Old Hopkins Tavern
Posted in the Brownsville Forum
#1 Apr 27, 2009
I think the location of this West-side pic is
where Bridge Street intersects with
Railroad/Main Street; if that's the case,
on the left is the "Esso" gas station, first
operated by Herbie Edwards. After WW II, John
Dukeman Sr. operated it. Mr. Dukeman stationed
in England during WW II, brought home his "war
bride," Jane. They lived on Water Blvd, just
a half-block away. They had three children.
John Jr. owns the business, now, which has
been converted to a beer distributorship.
The home across the street or maybe the one
behind it, is the location, according to Glenn
Tunney's column # 103, where Don Edwards made
his debute. Perhaps his Father, Jack Edwards,
and Herbie Edwards were brothers ?
Now, does anyone out there remember when gas
prices were 28 - 31 cents/gallon ?
If so, then that would be when this photo was
#2 Apr 27, 2009
gasoline like women's skirts went up and down over the years. Also the location of the station and the taxes affect the price. I was paying 28 cents a gallon for gasoline in Cleveland in the late 1960s early 1970s before the OPEC oil embargo that occured in 1974.
You are correct about the location of that tavern. Directly in front of the Intercounty Bridge. Next to it was the Potter-McCunn Wholesale Supply Co. Next to the gas station was a very popular diner with parking. Can't be sure of the exact name although I was in it many times.
Something like Jack and Chunks?
#3 Apr 28, 2009
Was that diner, "The Kozy Nook,"
#4 Apr 28, 2009
I haven't thought about that for years ...
the very place where I learned to play
pinball ... ha, ha, ha !
#5 Apr 28, 2009
I never knew the place by that name. It could have changed hands. I knew the place in the late 1940s when Rt 40 was still the major road across the USA and the traffic passed right thru Bville and over that bridge.
I have always said that I was the best pinball machine player in Brownsville. I often played all day for a nickel and passed the games to friends. I often ran the games up to the limit. I could shake the legs right off those machines and rarely tilt. Inertia is the key. People were amazed at how I could manhandle those machines and all they had to do was bump it and "tilt".
#6 Apr 30, 2009
My ... it is windy in here.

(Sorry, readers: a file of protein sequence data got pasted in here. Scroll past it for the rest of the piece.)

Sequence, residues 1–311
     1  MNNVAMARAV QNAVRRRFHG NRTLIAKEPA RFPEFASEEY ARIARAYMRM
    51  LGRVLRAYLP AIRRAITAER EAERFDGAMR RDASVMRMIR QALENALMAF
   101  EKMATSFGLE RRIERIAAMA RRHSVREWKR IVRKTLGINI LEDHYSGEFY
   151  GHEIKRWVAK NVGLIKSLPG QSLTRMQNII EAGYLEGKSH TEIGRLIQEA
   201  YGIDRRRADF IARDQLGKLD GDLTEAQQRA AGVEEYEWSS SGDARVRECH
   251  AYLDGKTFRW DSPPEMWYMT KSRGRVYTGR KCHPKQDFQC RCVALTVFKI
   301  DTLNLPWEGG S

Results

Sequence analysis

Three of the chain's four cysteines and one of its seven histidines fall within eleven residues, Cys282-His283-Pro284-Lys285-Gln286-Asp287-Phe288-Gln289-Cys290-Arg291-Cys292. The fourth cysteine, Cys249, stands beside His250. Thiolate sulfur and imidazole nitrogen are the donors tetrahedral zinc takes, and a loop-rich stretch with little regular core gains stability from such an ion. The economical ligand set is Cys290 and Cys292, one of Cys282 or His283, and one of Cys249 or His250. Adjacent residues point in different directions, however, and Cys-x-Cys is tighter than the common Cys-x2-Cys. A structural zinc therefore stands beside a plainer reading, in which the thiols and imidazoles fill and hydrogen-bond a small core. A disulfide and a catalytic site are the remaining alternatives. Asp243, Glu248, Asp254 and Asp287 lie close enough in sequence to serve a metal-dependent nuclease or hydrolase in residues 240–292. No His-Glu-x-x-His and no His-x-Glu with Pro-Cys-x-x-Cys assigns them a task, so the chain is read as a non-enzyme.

Hurricane Harry must have hit land.
#7 May 6, 2009
1947 was the golden age of pinball machines. Gottlieb Mfg Co of Chicago introduced flippers and the first machine was Humpty Dumpty. It was possible to control the action to some extent.
This was followed by Gottlieb machines called Lady Robin Hood, Old King Cole and Cinderella.
Other manufactures such as Williams introduced flippers to their game boards. You can find a history of pinball games online. You can buy these old restored machines for your game room.
The old pinball machines awarded games and some of the awards ran to a high number of free games. The machine at the skating rink ran to 82 free games. Some places like Casper's Poolroom under the Plaza Theater would cash in these games for 5 cents each. That was illegal gambling but unenforced.
Nowadays, the machines award free balls but no free games. They have one ball that is used over and over. All of the Gottlieb machines had a 20 game limit but I think that could be set.
Pinball is like the game of life. You can bounce around all over the world and if you are skilled you can play a long time, make a lot of noise and rack up a big score, but in the end it all goes down the drain.
#8 May 7, 2009
Once upon a time, there was
the "Lady Robin Hood ... "
but, that's, just, one of the
stories 'bout our "hood !"
#9 Jan 4, 2010
Hey, this was my corner of the world growing up. I lived afew houses down fron the corner of Railroad & Bridge. Went to that diner for ice craam cones in summer and I went swimming everyday in the summer in the river. Photos are wonderful. Thank you,Harry.
#10 Jan 4, 2010
This site is better than classmates.com
Thanks to all for photos and postings
#11 Aug 3, 2010
I just discovered this website and I luv it.
The restaurant was Jack n Chunks. I was kinda young to remember to much about it. That was to the right of the gas station. Then later on came The Kozy Nook. That was on the right side and the post office was across the street.(Now this is coming off the bridge.) Use to hang out there on the way home from school. We use to play the pin ball machines, and drink Vanilla Coke.
Those were the good ole days.
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